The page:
Death's Reckoning (The
Mortal Aspects Book 1)
July 18, 2023
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Micol’s blood ran cold. He closed his eyes, concentrating
on taking deep breaths. Please don’t let them see us, he prayed to
Loss. Please, let them pass by. It’s not supposed to end like this. Please.
Another man stepped into view. Then a third. Their
conversation continued, but Micol couldn’t focus on the words. He was too busy
listening to the growing sounds of movement around them. The pounding boots and
squelching mud hinted at a larger force than the three men who had already
passed, although he could only guess at how much larger.
At least a half dozen more came into view, most of them
near Asoka’s hiding place. The three who’d led the way were nearly out of
sight; Micol could barely see their torches through the thick trees. To his
left, a glint of light caught his eyes. When he followed it to its source, he
Silvery-blue armor covered the woman from head to toe,
flowing around her like water. Every inch of skin was covered, leaving only a
pair of thin slits for her eyes. She was close enough to Micol to touch. His
entire body began to shake, demanding action.
He couldn’t be still anymore. His every fiber screamed one
word: escape. He had to get out, but there was nowhere to go. The
beating of his heart raged thunderous in his ears until it felt like the sound
alone would betray him. Cold sweat beaded on his fevered skin. The aspect’s
head swung in his direction.
Micol tried to bolt from the tree – away from the aspect –
but she reacted faster than he would have thought possible. Her hand snapped
out, stopping his momentum and taking the pair of them to the ground. He managed
to twist in time to see her liberating a rusted dagger from its sheath.
From out of sight, he heard the groan of a bowstring. The
aspect’s dagger plunged toward his chest, but before it could strike the tip of
an arrow spiked through one of the slits in her helm. Its force pushed her off
him, and Micol took his chance. He was on his feet in an instant, running away
from the group of soldiers.
He met Asoka’s wide-eyed stare; the other boy still held
his bow in a ready position. Time stood still for a solitary moment before
Micol broke the contact.
Bodies thudded; wood cracked from out of Micol’s view. “Got
him!” he heard someone say. “He doesn’t look like an assassin to me.”
Micol kept running. He heard the footsteps of several men
behind him, but he didn’t dare stop to check their progress.
“Get the other one!” someone else shouted.
“Over there! He’s headed toward the undergrowth!”
Micol fell into a row of dense bushes, forcing himself
through. Branches and thorns tore at his skin and clothes, but he paid them
little mind. The men chasing him reached the bushes a moment after he broke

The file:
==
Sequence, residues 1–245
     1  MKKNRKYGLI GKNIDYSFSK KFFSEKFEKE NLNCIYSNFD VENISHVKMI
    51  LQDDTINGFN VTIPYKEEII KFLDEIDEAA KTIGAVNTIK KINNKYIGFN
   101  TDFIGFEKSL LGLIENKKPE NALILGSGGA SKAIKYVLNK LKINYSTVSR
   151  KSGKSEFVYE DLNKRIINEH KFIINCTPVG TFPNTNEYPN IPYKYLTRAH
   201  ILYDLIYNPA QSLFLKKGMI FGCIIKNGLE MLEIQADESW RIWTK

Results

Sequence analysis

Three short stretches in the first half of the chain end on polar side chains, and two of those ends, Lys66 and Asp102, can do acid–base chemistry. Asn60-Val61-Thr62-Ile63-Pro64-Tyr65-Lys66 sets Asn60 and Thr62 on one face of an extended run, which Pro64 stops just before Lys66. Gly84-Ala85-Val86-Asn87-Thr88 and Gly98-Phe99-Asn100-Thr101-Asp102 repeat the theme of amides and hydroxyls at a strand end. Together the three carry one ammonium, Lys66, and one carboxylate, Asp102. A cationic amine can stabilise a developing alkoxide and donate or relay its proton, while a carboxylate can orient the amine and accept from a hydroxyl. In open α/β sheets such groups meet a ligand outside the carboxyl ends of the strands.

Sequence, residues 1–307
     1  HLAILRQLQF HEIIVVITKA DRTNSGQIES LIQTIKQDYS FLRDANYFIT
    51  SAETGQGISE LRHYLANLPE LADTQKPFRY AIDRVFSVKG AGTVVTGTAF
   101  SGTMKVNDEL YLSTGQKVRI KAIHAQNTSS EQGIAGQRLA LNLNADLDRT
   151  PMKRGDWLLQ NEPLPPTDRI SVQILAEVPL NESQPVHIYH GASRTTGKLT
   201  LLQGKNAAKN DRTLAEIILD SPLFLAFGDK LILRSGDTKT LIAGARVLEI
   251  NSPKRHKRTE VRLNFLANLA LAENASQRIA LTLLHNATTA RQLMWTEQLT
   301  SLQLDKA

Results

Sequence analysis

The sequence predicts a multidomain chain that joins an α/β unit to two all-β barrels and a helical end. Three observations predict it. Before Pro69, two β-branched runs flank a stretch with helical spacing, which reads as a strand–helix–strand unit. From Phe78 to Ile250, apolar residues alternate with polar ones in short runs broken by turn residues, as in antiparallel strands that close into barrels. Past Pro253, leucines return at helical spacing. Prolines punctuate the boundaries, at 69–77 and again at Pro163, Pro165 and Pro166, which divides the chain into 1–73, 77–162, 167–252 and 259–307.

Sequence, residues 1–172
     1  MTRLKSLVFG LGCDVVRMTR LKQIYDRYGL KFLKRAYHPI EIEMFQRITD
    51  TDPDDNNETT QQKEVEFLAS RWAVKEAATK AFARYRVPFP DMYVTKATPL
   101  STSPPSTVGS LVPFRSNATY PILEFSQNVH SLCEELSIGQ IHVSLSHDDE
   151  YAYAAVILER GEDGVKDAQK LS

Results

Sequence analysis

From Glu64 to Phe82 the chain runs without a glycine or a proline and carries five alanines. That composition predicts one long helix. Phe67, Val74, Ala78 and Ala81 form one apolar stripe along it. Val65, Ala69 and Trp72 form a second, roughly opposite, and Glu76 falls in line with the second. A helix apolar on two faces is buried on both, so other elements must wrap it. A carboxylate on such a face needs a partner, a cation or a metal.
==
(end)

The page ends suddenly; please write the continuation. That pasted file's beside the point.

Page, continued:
through the other side.
His days on the streets of Vicrum came back to him, lessons
born from a thousand beatings doled out by those older and larger. There was
always someone faster, someone stronger. But Micol had had one advantage: he
was willing to go further. A path ahead promised easy escape, but instead of
heading for it he plunged deeper into the undergrowth.
A thick root tripped Micol, sending him toppling head-over-heels
down a stream bed. He hissed as a flare of pain shot up from his ankle; he
inched toward the running water, but a sound came a moment later that stopped
“Micol!” a distant voice cried. Asoka’s voice. “Help!
Please help me!” The pitiful cry was like an icy knife plunged into his lungs.
He didn’t make it out, Micol
thought. I didn’t even stop to think about helping him escape. He rose
to his knees, taking stock of the situation. He’d lost his bow when the aspect
had taken him, which left the small hunting knife on his belt as his only
“Help! Oh, aspects, please!”
Micol knew what he was supposed to do. The stories soldiers
shared were full of such scenarios; if he had been the hero in one of those
stories, he would have drawn his knife and carved a path of blood back to his
friend to save him. The men searching for him were getting close, and he knew
he had to make his decision soon.
A sound like an axe hitting a tree echoed through the
forest, sending a morbid shiver down Micol’s spine. He summoned all of his
courage, but it wasn’t enough. He turned back to the stream and jumped in,
letting the water carry him away.
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Quinn Thomas is an Epic Fantasy author and occasional pool shark from Denver, Colorado. When she’s not writing stories about people thrust into situations that turn them into heroes (or more frequently, villains), she’s wrestling her 100-lb labrador retriever. Her favorite fantasy series of all time is Mistborn by Brandon Sanderson.
Things Quinn has tried exactly once and wants to mention
because she thinks they make her seem cool: skydiving, surfing,
Things Quinn has tried several times and wants to mention
because they make her seem less cool: eating Cheetos on the couch while wearing
yoga pants, tripping on her own feet, singing karaoke songs completely sober.
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